addition type pathway by homolytic cleavage of the alkene.[19]
Data to support or refute this mechanism was sought by
examining diethyl diallylmalonate as a cyclization radical
clock (Scheme 4). The major products obtained under these
conditions were cyclopentane derivatives 4 a and 4 b. The
presence of these species is explained by the occurrence of a
9288
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5-exo-trig cyclization that proceeds after the C CF3 bondforming event. It is unclear if the trifluoromethylation results
in the generation a free-radical intermediate (5 a) or an
alkylcopper species (5 b). After cyclization, termination
occurs by a second trifluoromethylation or elimination to
generate products 4 a or 4 b, respectively. Of note, we found
that conducting the trifluoromethylation reaction in the
presence of selected radical scavengers provided variable
results that did not aid our understanding of the reaction
mechanism.[22] Further analysis will be necessary to elucidate
the nature of this transformation more accurately.
In conclusion, we have developed an allylic trifluoromethylation of unactivated terminal olefins. This method allows
for the preparation of allyl CF3 products that were previously
difficult to access in a straightforward and efficient manner.
The mild conditions for this transformation enable the
trifluoromethylation of a range of substrates that bear
numerous functional groups. A preliminary analysis suggests
that the reaction mechanism is complex and multiple pathways leading to the desired allyl CF3 products may be
operating.[23] Future efforts will focus on examining the
mechanistic details more extensively on the way to expanding
the generality and increasing the efficiency of this transformation.
Experimental Section
(E)-(5,5,5-trifluoropent-2-en-1-yl)benzene (2 a) on a 10.0 mmol scale:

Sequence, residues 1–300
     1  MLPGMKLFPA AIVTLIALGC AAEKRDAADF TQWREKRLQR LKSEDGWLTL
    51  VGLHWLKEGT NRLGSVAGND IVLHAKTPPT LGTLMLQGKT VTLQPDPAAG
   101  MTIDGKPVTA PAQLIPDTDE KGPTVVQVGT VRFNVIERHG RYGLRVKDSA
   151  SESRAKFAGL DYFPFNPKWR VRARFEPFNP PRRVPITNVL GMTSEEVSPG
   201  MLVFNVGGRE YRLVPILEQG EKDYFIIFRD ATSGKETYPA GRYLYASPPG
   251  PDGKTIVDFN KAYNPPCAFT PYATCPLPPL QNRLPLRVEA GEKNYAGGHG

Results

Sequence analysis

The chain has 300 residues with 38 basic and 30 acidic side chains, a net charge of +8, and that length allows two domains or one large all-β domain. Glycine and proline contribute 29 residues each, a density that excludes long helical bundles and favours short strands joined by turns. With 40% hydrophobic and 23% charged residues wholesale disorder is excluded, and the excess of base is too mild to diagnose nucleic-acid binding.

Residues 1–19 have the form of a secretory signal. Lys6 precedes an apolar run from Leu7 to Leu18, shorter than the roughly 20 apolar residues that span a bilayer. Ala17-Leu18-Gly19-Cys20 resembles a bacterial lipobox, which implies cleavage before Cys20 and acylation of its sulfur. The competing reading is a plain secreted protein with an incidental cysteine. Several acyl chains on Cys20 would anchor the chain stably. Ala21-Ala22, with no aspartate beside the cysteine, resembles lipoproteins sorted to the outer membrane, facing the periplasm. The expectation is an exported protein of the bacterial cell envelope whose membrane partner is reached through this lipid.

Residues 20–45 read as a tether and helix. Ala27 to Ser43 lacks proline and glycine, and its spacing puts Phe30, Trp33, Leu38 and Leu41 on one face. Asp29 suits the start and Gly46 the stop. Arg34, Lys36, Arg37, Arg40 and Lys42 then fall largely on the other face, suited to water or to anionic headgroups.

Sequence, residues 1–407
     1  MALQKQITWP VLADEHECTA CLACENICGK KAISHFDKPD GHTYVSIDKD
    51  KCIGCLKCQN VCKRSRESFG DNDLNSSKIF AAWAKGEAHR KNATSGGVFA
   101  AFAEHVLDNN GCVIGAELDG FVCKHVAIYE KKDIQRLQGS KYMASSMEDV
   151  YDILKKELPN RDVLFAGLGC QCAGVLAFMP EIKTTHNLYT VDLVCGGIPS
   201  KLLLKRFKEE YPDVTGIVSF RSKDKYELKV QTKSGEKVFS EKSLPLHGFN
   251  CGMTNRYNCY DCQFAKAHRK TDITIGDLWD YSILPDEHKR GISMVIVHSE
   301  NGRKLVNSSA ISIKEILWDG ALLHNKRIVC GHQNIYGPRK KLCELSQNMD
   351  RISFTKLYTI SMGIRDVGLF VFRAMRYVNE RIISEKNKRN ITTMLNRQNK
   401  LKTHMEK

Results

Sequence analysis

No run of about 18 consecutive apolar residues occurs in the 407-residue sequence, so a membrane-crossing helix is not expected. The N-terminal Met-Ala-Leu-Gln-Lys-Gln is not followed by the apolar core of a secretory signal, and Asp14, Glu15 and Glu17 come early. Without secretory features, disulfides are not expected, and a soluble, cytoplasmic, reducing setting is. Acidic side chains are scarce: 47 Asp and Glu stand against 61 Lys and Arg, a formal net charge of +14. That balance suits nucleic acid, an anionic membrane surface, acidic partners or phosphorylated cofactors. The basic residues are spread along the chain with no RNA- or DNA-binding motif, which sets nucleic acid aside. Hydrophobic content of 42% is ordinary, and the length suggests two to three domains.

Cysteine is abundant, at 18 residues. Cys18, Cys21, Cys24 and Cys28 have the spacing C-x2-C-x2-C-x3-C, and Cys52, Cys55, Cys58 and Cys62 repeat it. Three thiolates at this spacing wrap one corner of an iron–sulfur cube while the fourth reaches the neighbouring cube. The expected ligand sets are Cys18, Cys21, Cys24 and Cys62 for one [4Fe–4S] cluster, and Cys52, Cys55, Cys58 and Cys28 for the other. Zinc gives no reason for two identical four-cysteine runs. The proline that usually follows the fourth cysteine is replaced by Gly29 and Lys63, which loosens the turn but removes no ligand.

A 100 mL Schlenk flask was flame-dried under high vacuum and
backfilled with argon. On the benchtop, open to air, [(MeCN)4Cu]PF6
(0.559 g, 1.50 mmol, 0.15 equiv) and 1 (3.16 g, 10.0 mmol, 1.0 equiv)
were weighed and added to the Schlenk flask. The flask was then
sealed with a rubber septum, evacuated, and backfilled with argon
(this process was repeated a total of three times) and cooled to 0 8C in
an ice–water bath. The flask was charged successively with anhydrous
methanol (50 mL) and 4-phenyl-1-butene (1.65 g, 1.88 mL,
12.50 mmol, 1.25 equiv) by syringe (a bright green-blue color was
observed upon solvent addition). The reaction mixture was stirred for
30 min at 0 8C, after which the ice-water bath was removed and
stirring was continued for an additional 23 h. The reaction mixture
was partitioned between CH2Cl2 (75 mL) and sat. aq. NaHCO3
(75 mL). The aqueous layer was separated and extracted with
CH2Cl2 (2 50 mL). The combined organic extracts were washed
with saturated aqueous NaHCO3 (75 mL), dried over Na2SO4, and
concentrated in vacuo. The resultant oil was purified by column
chromatography (pentane) on silica gel to afford 2 a (1.503 g, 75 %) as
a clear colorless oil (E/Z = 97:3) contaminated with 2.5 mol % of a
2011 Wiley-VCH Verlag GmbH & Co. KGaA, Weinheim
Angew. Chem. 2011, 123, 9286 –9289
Angewandte
Chemie
bis(trifluoromethylated)
side
product.
3.5 mol % of a mono(trifluoromethylated)
side product with a 19F NMR chemical shift
value consistent with the vinyl trifluoromethylation product (6) was also identified.
Note: Reactions carried out on a 0.50–1.0 mmol scale of 1
(Table 2) were set up in a glove box under a nitrogen atmosphere.
Received: June 13, 2011
Published online: August 25, 2011
.
Keywords: copper · fluorine · homogeneous catalysis · radicals ·
trifluoromethylation
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(0.30 equiv), 4-methoxyphenol (1.0 equiv), and butylated